bgzimmer at RCI.RUTGERS.EDU
Wed Dec 22 19:42:19 UTC 2004
On Wed, 22 Dec 2004 14:30:00 -0500, Benjamin Zimmer
<bgzimmer at RCI.RUTGERS.EDU> wrote:
>The earliest relevant cite on the Nexis database suggests that US
>government officials began using "redacted" as a synonym for "censored" in
> Washington Post, Dec 19, 1978, A2
> Prosecutors in the FBI break-ins case mistakenly circulated to
> defense lawyers highly classified material that is only supposed
> to be seen or discussed in a spy-proof vault.
> Attorneys for three former top FBI officials charged in the case
> made the disclosure yesterday in a lively pretrial hearing where
> they protested Justice Department attempts to get the documents
> back for censoring as part of a proposal to place strict limits
> on collecting new information.
> The lawyers voiced special opposition yesterday to a government
> request that they return their clients' grand jury testimony to
> be "redacted" - censored - of material containing "sensitive
> compartmented information (SCI)."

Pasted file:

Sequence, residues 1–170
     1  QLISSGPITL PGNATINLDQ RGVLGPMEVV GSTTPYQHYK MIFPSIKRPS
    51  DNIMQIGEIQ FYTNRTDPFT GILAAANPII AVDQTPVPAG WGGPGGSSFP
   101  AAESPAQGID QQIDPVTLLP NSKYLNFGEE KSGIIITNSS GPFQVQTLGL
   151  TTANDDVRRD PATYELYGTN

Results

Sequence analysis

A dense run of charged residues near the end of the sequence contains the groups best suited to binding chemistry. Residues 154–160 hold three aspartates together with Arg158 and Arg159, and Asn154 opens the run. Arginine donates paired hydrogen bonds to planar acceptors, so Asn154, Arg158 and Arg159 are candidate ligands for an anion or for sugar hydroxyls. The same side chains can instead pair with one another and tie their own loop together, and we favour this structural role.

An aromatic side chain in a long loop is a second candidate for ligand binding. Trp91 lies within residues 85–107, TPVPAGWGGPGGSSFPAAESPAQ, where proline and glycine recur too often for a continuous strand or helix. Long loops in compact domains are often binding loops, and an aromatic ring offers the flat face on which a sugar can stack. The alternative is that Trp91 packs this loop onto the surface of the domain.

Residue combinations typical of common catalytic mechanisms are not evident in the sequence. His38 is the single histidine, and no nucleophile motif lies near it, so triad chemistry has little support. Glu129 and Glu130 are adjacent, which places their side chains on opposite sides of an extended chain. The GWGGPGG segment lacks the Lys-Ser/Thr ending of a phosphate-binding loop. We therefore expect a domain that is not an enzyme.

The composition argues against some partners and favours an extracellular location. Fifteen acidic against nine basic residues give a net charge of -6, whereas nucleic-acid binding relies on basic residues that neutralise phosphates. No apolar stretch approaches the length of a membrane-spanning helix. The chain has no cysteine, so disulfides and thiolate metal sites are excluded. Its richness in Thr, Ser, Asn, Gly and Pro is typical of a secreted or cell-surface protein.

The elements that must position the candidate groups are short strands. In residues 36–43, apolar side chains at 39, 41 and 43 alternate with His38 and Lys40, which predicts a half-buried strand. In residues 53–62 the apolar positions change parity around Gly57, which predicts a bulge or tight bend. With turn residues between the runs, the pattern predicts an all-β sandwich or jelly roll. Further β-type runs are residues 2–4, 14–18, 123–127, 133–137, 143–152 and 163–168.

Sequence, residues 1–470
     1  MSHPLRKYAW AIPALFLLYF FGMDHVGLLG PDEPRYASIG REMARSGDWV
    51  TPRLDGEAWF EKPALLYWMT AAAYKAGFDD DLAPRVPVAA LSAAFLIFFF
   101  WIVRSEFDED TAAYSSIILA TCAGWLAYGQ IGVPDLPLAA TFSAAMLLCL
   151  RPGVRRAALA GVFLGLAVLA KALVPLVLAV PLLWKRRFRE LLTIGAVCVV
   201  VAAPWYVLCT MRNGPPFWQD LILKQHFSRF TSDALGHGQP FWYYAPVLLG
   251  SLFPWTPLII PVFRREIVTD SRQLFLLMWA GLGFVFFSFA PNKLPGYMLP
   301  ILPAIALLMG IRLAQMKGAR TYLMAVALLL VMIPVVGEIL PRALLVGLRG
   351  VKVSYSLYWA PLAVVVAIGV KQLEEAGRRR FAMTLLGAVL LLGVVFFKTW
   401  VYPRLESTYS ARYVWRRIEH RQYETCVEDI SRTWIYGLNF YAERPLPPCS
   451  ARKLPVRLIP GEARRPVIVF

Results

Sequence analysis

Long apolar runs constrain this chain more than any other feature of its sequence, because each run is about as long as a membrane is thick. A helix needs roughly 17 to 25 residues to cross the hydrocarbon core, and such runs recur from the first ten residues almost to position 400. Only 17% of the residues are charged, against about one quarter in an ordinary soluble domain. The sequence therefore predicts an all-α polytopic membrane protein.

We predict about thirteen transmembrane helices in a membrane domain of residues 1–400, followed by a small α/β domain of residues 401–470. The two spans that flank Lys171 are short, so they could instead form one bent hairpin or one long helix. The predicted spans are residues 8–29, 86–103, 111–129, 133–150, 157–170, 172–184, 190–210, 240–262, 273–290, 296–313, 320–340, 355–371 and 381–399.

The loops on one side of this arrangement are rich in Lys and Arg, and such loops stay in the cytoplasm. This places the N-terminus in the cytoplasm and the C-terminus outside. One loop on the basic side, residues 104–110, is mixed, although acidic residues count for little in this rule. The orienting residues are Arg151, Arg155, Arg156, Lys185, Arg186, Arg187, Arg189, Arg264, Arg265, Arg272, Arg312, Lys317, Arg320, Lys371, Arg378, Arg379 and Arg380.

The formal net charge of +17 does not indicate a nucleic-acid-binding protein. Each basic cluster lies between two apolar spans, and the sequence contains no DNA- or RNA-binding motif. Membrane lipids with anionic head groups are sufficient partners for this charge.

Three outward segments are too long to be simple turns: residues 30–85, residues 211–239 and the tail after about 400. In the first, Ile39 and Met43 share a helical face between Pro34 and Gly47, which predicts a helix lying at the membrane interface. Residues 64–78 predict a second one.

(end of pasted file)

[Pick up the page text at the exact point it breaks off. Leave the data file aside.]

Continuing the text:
A bit more from this case, from an AP wire story that appeared in the New
New York Times, Dec 19, 1978, p. A12
Alan I. Baron, who represents the former acting FBI director,
L. Patrick Gray 3d, said, "We are being denied the right to
conduct a defense. The Government wants an unlimited right to
redact information as to intelligence techniques, and that's
what this case is all about."
The term "redact" has been adopted by the Government and in
this context means censorship of classified material.
Barnett D. Skolnik, a Justice Department lawyer, said, "We are
redacting in good faith."
Seems clear that the lawyers representing the Government needed a
euphemism for "censor" in this case -- it would be difficult for them to
say, "We are *censoring* in good faith."
(Apropos of the "Weatherman" thread... the FBI officials were on trial for
conducting illegal surveillance of the Weather Underground.)
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